Showing posts with label infants. Show all posts
Showing posts with label infants. Show all posts

Friday, May 29, 2015

Taking a Peek at the Accuracy of the Urinalysis for Diagnosing UTIs in Infants

By: Lewis First, MD, MS; Editor-in-Chief       

      The gold standard for diagnosis of a urinary tract infection (UTI) is the urine culture, but just how accurate is the urinalysis itself, especially in young infants?  Schroeder et al. (doi:10.1542/peds.2015-0012) tackled this question through a cross-sectional look at a cohort of 276 infants under three months of age who had a documented UTI based on a urine culture.  The authors then looked at the sensitivity and specificity of the urinalysis findings for infection.    
     More specifically, the authors report on the sensitivity of leukocyte esterase (LE) and of pyuria in the urines studied and the results may surprise you in terms of the accuracy achieved just with the urinalysis.   
     To add more import to this study, we asked Dr. Ken Roberts who chaired the AAP committee that produced the recently revised UTI guidelines to add his perspective on the findings with a commentary (doi:10.1542/peds.2015-0884) also being released this week.  
      If you wonder whether to use the urinalysis findings to help decide whether or not to get a urine culture, go with the flow and read both this study and commentary and see if you want to pay even more attention to the urinalysis results as a diagnostic indicator. 

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Wednesday, April 1, 2015

Antibiotic Usage in Infancy and Being Overweight: Weighing in on an Unexpected Association

By: Lewis First, MD, MS; Editor-in-Chief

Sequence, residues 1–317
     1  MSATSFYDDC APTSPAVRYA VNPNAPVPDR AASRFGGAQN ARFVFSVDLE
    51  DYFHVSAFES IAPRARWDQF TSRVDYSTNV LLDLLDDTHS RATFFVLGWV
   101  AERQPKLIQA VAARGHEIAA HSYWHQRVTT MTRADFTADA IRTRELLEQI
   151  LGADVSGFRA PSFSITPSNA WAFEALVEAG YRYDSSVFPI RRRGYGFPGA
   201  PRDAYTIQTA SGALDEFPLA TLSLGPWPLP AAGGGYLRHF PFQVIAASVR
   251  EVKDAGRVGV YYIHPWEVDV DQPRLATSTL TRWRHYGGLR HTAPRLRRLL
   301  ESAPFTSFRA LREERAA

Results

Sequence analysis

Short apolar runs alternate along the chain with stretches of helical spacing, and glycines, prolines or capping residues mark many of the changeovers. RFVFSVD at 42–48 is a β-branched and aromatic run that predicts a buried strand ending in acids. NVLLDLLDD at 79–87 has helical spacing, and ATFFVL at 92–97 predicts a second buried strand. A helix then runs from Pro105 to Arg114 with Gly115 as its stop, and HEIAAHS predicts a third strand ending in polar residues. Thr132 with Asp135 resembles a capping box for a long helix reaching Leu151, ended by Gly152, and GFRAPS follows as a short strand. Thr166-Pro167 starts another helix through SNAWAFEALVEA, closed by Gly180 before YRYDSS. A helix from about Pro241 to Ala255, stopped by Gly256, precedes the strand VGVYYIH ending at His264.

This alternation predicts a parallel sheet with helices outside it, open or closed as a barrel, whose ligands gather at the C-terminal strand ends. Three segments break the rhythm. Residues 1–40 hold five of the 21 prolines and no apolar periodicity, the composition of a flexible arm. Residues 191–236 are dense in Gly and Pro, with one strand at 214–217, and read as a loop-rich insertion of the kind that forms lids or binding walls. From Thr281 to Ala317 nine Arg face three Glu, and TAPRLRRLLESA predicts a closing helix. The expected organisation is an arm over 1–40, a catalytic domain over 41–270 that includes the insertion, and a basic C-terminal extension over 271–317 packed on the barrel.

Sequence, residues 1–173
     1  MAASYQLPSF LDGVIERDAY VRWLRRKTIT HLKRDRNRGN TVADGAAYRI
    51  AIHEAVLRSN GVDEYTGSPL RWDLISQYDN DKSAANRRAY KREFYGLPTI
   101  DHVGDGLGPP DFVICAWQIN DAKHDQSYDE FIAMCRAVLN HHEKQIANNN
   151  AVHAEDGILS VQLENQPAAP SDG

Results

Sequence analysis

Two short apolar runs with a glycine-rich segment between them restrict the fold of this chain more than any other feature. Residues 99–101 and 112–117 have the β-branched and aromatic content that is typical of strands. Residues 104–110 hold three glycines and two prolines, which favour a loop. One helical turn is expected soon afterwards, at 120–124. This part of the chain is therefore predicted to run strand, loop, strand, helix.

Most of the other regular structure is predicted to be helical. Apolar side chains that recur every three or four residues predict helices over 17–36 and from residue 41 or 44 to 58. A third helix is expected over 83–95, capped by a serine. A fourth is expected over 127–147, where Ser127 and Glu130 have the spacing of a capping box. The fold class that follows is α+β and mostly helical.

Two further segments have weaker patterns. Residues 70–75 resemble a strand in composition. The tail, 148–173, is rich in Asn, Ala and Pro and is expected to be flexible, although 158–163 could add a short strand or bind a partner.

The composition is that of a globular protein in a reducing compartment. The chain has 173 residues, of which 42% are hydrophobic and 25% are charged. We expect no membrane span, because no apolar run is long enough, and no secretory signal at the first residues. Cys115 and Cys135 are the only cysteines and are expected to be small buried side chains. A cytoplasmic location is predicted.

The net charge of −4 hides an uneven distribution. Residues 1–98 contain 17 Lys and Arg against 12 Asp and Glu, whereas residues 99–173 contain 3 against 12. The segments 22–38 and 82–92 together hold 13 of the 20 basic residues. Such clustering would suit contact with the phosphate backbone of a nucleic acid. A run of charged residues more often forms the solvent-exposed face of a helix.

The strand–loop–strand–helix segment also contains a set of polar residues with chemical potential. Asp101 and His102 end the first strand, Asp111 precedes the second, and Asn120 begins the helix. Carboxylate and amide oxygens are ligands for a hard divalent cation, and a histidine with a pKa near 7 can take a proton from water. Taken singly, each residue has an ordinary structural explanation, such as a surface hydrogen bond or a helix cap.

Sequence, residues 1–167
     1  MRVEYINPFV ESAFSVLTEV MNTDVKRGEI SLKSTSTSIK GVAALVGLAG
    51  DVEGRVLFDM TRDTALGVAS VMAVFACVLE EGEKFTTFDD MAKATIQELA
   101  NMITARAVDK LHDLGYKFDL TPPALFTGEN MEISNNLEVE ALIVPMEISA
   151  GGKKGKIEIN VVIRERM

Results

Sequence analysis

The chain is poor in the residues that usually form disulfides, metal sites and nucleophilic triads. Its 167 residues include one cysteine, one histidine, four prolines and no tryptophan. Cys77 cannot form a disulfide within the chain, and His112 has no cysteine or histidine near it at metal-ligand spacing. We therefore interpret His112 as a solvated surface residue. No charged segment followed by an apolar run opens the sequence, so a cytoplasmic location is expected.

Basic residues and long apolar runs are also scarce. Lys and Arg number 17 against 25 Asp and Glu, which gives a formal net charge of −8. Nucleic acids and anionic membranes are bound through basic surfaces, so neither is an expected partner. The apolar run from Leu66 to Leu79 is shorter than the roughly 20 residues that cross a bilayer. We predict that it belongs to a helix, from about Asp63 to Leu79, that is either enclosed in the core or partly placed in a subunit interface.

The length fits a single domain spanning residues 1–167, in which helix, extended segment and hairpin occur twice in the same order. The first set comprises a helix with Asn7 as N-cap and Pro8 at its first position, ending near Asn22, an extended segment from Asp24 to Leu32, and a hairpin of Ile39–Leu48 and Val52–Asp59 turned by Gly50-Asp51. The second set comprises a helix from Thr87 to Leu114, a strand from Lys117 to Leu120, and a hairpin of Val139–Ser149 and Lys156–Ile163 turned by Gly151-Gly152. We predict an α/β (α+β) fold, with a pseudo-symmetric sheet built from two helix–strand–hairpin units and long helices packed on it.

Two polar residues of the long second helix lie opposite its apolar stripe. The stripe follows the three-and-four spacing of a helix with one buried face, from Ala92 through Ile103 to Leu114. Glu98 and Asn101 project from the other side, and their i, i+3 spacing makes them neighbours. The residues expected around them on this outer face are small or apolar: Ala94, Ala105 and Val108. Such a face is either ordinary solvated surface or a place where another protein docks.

How often have you considered that antibiotics given in infancy might predispose your patient to being overweight by age 2 years?  We certainly did not until we read the study by Saari et al. (doi: 10.1542/peds.2014-3407) and realized that the intestinal microbiome might be the culprit responsible for such an association. 
     The authors studied a population-based cohort of approximately 6 thousand boys and a similar number of girls in the first 24 months of life and looked at antibiotic purchase data as well as body mass index and height at 2 years of age. Since antibiotics can change the human microbiome, especially in infancy, doing so may trigger additional weight gain. 
      Why this happens is the subject of a provocative discussion section of this study, making this article well worth your attention. 

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Thursday, February 5, 2015

Are You Seeing Infants for Their First Well-child Visit Early Enough to Prevent Readmission?

 German Tenirio @Flickr
          It is recommended that the first well-child visit following discharge from the well-baby nursery occur within 48 hours for infants discharged in less than 48 hours and within 3-5 days for those who do stay more than 48 hours.  How effective are these guidelines in preventing unintended readmissions to the hospital? 
Shakib et al. (doi:10.1542/peds.2014-2329) opted to study this question using a large data-set in Utah that tracked both well child visits and readmission rates for a population of over 79,000 newborns. While 63% of these babies went home in less than 48 hours post-birth, only 15% had a well-child visit in 72 hours (and less in the recommended 48 hours).  To no surprise, those infants who were seen shortly after discharge had a 15% lower readmission rate than those with a later visit.